Moore told Entertainment Weekly, "This power is kind of handed to [Miles] when he’s not really looking for more responsibility. That phrase 'with great power comes great responsibility' it means the same thing, but it comes from a different place with this Spider-Man." He also said, "Everybody has a purpose and a reason and a place. I think that’s what [Miles’s] conflict is, finding his place. He's like, 'If there's Peter, then how do I be Spider-Man? Can you teach me? How do I do this?'"
Moore said of accepting the role, "I feel blessed and feel chosen. There's a lot of black people, a lot of latino people. I'm sitting in front of you so you know I took a private jet, two private jets in the last six months. I took two private jets in the last six months. It's been life changing, is what I'm getting at. New experiences; I have a desire to inspire youth and others, to be a positive role-model. I think this is a good way to start. [Johnson's] character definitely holds it down for the OG Spider-Man, don't you think?"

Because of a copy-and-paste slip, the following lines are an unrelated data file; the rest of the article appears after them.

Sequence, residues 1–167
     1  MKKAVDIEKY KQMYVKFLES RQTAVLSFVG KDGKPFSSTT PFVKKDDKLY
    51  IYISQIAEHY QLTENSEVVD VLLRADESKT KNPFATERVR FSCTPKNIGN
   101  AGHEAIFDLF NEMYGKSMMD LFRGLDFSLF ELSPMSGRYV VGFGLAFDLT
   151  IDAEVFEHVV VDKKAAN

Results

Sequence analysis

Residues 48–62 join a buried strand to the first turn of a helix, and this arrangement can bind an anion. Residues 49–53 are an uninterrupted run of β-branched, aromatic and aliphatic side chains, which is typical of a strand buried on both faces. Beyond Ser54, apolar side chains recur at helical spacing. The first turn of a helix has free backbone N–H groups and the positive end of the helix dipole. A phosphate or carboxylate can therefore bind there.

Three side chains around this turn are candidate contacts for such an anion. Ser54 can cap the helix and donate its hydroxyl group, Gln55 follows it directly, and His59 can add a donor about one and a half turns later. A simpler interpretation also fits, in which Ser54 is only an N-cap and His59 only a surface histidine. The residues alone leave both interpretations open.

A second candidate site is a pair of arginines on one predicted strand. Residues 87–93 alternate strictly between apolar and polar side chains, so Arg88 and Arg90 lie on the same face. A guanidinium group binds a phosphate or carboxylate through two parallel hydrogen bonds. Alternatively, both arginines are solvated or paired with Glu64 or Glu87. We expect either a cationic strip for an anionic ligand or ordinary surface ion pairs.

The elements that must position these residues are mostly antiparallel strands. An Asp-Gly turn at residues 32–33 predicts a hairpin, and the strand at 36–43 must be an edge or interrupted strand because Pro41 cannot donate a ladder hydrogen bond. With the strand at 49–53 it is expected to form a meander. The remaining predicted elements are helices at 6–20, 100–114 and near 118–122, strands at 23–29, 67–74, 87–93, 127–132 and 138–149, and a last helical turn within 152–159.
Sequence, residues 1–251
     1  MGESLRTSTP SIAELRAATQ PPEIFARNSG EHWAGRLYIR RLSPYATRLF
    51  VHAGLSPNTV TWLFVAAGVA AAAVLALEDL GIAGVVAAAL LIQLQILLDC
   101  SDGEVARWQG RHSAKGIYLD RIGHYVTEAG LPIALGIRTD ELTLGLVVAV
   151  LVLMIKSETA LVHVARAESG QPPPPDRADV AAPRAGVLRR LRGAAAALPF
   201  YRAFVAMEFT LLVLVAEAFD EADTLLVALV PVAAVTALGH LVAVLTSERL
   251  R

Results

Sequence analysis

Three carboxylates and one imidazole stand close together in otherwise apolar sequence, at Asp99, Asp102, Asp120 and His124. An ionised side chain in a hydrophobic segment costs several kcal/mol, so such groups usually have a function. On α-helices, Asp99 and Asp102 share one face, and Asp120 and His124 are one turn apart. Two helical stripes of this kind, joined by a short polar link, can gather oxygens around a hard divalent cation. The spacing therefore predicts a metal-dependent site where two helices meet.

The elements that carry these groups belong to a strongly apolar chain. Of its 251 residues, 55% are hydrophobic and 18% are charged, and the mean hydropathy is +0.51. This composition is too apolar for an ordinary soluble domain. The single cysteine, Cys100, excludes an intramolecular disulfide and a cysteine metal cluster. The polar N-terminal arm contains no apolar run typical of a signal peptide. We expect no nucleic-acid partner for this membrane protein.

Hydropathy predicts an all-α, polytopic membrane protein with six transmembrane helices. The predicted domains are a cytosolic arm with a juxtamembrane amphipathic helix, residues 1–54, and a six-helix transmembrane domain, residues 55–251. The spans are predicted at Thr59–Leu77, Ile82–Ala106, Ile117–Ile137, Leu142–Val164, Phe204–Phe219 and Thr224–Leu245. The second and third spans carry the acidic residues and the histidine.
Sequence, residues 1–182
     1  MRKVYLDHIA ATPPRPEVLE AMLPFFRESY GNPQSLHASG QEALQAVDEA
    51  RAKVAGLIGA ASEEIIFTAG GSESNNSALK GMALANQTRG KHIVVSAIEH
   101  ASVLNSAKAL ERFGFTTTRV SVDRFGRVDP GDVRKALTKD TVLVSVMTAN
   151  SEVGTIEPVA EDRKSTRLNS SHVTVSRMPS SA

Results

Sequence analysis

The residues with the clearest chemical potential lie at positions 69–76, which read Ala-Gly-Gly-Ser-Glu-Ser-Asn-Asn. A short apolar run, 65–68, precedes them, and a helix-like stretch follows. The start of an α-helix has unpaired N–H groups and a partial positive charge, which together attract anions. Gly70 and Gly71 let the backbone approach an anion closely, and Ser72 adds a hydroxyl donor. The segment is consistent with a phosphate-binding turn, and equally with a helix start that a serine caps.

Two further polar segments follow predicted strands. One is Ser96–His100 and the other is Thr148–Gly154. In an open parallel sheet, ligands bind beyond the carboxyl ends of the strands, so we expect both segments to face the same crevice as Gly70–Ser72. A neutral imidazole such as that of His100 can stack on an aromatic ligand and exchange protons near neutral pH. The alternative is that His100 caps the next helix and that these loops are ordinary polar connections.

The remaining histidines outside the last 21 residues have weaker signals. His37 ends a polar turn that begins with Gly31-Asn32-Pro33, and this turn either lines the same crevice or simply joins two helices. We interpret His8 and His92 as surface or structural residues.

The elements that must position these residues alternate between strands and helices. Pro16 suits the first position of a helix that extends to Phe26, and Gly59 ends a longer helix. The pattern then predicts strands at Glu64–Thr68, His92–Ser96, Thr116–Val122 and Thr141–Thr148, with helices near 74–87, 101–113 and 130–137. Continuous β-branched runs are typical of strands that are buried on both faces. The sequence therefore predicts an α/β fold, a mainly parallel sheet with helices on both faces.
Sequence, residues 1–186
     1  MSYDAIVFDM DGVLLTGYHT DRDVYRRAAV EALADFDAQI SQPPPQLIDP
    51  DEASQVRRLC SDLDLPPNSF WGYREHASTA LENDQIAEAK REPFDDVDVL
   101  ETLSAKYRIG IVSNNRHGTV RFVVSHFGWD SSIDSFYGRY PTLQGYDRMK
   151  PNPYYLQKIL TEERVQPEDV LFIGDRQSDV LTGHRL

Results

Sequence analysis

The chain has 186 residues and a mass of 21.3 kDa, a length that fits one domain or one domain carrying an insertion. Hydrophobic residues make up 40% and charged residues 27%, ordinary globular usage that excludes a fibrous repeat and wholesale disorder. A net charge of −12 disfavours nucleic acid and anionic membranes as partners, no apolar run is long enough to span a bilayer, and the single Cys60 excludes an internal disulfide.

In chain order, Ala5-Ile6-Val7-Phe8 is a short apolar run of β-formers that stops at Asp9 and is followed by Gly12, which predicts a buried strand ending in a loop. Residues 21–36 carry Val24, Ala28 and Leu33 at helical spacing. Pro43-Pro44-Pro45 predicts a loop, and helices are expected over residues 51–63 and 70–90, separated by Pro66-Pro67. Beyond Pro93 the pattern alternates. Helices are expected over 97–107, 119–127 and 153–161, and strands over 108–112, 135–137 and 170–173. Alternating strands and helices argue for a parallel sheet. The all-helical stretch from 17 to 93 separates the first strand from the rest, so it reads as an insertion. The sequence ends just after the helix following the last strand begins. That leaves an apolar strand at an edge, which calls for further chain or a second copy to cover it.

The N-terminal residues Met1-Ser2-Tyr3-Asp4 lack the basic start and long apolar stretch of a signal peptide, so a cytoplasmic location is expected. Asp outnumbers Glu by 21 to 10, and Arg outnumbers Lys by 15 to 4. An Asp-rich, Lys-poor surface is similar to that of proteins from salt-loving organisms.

Moore had considered giving Miles a Brooklyn accent. "Personally you know I worked on the show called The Get Down and I was representing the Bronx. A New York accent is a New York accent so I wanted to talk like I was from New York you dig you know I wanted to get into that with Miles but they were like 'Nah, Moore we want everybody to understand this stuff.' So I think it is a little bit more like if you’re from New York you’ll get it. In the trailer so it shows a moment where Miles is flipping off of the building and he’s like going head-first down he’s like 'BROOKLYN!' Those moment's people will get."
On June 6th, 2018, Variety confirmed that Schreiber, whose role was initially kept secret, was playing Wilson Fisk/Kingpin.
On June 21st, 2017 Tracking-Board reported that Oscar-winner Mahershala Ali was cast as Miles' uncle Aaron Davis while Brian Tyree Henry would play Miles' father Jefferson Davis. Ali had previously played villain Cornell "Cottonmouth" Stokes on the Marvel Netflix series Luke Cage.